South from Barbary
South from Barbary
“In one of Tripoli’s few English-language bookshops I picked up the book that for the first time thrust the desert before me in all its guises. Here was silence and loneliness, the glory of wide African skies, unbroken plains of sand and rock, loyalty and companionship, adventure, treachery and betrayal.”
For six years after reading the account of the British North African expedition of 1818-20, Justin Marozzi had longed to cross the Libyan Sahara by camel. Captivated by the beauty of this little-known country in his first visit to Tripoli, he vowed to return to explore its vast desert along the old slave trade routes. South from Barbary – as nineteenth-century Europeans knew North Africa – is the compelling story of his 1,500-mile journey.
Setting off from Tripoli, Marozzi and his travelling companion headed first to the ancient oasis and former slave market of Ghadames on an improbable mission to purchase five camels and find a guide willing to forgo the comfort of a four-wheel drive for the privations of an extended camel trek.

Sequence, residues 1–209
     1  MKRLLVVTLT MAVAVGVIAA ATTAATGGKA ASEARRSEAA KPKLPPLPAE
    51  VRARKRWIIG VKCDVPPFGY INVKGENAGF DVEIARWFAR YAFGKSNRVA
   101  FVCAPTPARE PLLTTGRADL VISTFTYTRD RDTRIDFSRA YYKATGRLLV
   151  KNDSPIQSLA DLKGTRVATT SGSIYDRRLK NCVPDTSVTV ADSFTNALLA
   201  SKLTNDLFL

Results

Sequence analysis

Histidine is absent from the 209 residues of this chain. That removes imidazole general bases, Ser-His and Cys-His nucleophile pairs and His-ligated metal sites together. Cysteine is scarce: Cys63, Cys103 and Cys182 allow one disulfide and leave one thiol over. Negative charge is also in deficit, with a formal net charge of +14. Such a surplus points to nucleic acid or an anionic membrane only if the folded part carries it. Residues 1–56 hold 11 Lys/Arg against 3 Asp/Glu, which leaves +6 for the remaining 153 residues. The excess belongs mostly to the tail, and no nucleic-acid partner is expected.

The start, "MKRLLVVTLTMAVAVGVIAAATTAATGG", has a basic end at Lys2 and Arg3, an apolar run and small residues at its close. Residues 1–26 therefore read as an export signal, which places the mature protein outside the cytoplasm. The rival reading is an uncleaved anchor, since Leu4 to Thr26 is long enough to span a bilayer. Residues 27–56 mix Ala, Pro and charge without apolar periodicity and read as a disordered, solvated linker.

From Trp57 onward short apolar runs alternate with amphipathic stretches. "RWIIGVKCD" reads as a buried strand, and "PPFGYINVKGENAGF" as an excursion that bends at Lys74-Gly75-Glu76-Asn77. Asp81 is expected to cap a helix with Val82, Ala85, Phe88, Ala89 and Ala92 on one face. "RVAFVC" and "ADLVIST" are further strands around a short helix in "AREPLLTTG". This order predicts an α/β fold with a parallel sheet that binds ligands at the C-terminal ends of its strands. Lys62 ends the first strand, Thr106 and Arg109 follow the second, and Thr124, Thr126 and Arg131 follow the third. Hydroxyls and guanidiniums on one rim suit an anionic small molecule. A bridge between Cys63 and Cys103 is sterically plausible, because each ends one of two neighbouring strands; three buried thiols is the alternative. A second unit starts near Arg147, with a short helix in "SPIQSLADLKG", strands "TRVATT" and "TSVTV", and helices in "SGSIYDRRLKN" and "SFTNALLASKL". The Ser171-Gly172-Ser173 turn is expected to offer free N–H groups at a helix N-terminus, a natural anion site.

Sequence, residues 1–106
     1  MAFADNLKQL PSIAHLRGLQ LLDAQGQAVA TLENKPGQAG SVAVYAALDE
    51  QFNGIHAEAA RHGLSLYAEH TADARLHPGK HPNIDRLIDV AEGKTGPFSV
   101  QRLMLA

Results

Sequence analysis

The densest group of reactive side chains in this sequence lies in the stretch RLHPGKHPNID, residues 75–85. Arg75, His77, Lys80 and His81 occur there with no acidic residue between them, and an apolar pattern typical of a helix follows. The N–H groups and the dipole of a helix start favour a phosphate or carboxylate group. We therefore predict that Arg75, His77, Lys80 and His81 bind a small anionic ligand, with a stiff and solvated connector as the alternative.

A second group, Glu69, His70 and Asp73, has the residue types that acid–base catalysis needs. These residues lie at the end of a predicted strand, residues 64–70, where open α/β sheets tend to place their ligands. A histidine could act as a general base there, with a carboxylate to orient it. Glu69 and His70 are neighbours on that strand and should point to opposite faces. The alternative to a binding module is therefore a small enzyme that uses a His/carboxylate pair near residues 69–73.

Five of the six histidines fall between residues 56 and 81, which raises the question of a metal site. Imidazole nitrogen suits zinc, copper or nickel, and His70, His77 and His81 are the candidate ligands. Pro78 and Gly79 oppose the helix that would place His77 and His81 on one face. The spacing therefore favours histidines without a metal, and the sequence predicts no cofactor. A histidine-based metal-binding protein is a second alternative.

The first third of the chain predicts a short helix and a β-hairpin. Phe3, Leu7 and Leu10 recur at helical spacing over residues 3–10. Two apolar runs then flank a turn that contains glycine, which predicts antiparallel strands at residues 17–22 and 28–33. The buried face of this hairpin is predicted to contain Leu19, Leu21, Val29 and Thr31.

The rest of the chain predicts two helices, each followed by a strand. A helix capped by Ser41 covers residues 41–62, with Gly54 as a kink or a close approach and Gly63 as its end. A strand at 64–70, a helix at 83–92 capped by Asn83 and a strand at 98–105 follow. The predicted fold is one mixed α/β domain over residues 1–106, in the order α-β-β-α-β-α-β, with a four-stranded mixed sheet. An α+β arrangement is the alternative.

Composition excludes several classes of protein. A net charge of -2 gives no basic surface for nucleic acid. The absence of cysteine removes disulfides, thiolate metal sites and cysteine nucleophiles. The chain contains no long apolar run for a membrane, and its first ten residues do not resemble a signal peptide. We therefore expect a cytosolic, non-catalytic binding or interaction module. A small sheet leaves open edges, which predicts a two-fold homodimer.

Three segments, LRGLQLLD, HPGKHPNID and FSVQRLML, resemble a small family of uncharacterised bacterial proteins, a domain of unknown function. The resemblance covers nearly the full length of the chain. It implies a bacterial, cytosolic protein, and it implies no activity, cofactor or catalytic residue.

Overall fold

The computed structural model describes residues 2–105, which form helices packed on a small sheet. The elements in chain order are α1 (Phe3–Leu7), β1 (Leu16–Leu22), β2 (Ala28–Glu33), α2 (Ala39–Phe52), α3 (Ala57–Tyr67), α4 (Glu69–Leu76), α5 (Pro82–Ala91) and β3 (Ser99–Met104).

The caravan of two explorers, five faithful camels and a series of idiosyncratic Touareg and Tubbu guides undertook a gruelling journey across some of the most inhospitable territory on earth, overcoming threats from Libyan officialdom and enduring the ancient, natural hardships of the desert.
More than a travelogue, South from Barbary is a fascinating history of Saharan exploration and efforts by early British explorers to supress the African slave trade, which many regarded as “the most gigantic system of wickedness the world ever saw”. It evokes the poetry and solitude of the desert, the misery of the slave trade in action, the companionship of man and beast, the plight of a benighted nation and the humour and generosity of its resilient people.